Root Cause Analysis (RCA)
What is a Root Cause Analysis (RCA)?
Root cause analysis is the process for problem-solving that aims at identifying the root causes of problems or incidents, a malfunction, error or oversight. This is so the situation can be addressed and the recurrence of any problem can be minimised. The root cause analysis process is based on the principle that problems can best be solved by correcting their root causes as opposed to other methods that focus on addressing the symptoms of problems.
Practices of root cause analysis
The practices can vary a great deal depending on business and industry. They also vary by category, such as health and safety, manufacture and production, process or systems failure. The root cause analysis is ultimately focussed on the human element, because of our primary role in the creation operation and adaptation of everything we do. Root cause analysis is also a very useful tool in resolving any conflict, relationship breakdown, conscious and unconscious bias. Although this tool can also be used for continuous improvement by being applied to what already works.
Used for the first time
When it’s used for the first time, it’s a reactive way of identifying and solving a problem. Therefore, it means that an analysis is performed after a problem or incident has already occurred. By gaining experience with root cause analysis, its uses can change from reactive to proactive, so that problems can be anticipated in time.
Despite the fact that there seems to be no clear definition of the differences in objectives among various approaches, there are some common principles that can be considered to be universal.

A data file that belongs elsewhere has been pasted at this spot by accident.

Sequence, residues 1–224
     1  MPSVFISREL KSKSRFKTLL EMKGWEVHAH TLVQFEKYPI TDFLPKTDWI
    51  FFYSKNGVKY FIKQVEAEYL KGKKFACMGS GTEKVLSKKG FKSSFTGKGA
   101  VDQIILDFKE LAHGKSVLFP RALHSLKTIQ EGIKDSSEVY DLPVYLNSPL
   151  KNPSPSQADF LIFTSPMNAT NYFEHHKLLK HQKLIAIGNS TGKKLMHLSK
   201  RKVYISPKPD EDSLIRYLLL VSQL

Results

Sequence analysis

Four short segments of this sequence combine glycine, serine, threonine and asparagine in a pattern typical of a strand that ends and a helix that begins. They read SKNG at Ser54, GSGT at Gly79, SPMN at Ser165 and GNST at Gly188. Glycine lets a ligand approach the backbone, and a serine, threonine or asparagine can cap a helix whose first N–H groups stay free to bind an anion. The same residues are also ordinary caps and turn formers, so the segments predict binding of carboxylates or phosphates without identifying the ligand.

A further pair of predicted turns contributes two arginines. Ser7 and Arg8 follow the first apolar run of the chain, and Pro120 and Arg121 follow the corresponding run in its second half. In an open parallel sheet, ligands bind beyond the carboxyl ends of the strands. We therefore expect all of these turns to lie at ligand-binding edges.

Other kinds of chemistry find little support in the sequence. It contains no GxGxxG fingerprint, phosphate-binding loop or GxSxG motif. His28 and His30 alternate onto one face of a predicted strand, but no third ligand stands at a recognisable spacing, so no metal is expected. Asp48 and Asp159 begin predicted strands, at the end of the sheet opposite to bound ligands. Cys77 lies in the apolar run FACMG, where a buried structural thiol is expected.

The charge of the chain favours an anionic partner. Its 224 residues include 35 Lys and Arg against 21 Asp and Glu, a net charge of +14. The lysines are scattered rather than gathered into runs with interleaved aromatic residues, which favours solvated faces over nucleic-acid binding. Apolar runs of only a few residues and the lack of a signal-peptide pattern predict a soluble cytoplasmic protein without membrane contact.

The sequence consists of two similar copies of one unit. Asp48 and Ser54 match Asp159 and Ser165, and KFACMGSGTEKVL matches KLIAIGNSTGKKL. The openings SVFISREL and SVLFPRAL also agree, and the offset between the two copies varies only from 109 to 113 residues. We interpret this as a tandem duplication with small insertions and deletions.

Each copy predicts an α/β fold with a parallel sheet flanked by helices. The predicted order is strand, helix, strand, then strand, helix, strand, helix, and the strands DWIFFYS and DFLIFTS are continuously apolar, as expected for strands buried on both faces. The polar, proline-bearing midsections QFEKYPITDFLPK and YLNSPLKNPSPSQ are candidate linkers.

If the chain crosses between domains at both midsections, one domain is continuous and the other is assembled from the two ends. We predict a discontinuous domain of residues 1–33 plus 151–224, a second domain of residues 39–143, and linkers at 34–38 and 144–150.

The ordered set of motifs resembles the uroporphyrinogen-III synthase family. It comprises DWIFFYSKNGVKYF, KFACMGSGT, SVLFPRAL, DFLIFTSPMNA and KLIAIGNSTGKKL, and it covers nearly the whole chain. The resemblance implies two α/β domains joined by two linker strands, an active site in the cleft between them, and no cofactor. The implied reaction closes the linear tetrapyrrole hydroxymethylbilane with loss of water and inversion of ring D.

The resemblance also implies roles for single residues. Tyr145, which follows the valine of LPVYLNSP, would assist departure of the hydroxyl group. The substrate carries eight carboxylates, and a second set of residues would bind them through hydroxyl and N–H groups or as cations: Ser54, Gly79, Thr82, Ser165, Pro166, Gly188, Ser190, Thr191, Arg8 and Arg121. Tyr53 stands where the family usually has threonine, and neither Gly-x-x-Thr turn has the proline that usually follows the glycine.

Here are the basic steps to address and the corrective measures that will lead to the true cause of the problem.
1). Define the problem: What happened, where and when it was identified, when it started and how much is significant?
2). Understanding the process: The steps in the process that should have been carried out before the problem was discovered?
3). Identify the possible causes: If things do not go as planned, which of the process steps could have caused the problem?
4). Collect data: What information could indicate the possible causes actually occurred in to create the problem?
5). Analyse the data: Which data indicate the possible causes that contributed or not?
6). Identify possible solutions: Are there any changes that could prevent these processes from failing in the future?
7). Select solutions: Out of the possible solutions identified which would be the most practical?
8). Implement solutions: Plan and execute the selected solutions.
9). Evaluate the effects: Have the solutions been implemented and have they worked?
10). Institutionalise the change: Update guidelines and tools in order to ensure future projects follow the improved processes.
Steps 1 to 5 are generally repeated or performed cyclically until the causes are found and proven. Of course, it is not necessary to perform this level of investigation and action for every problem that occurs. Some well-known root cause analysis techniques and tools are listed below:
Barrier analysis – This root cause analysis technique is often used in the industrial sector.
Current Reality Tree – A complex but powerful method based on representing causal factors in a tree-like structure.
Change analysis – The research methodology is often used for problems or accidents and demonstrates how the problem has presented itself from different perspectives.
The 5 whys – 5 whys analysis makes it relatively simple to find out what the root cause of the problem is.
Fishbone diagram – This is a much-preferred method of project managers to perform a root cause analysis.
In conclusion, it will not always be necessary to use a root cause analysis to solve every problem in a project. There is always a tendency for an individual to try to investigate and solve the problem without help. A single individual will hardly know all of the processes enough to be able to evaluate them effectively. In the rush to solve problems, people will quite often make assumptions about the causes or solutions to a problem, without having the right data to support them. This could lead to further problems down the line. This is where a root cause analysis can help managers. By ensuring that the correct and adequate information is available and what decisive actions they are able to take.
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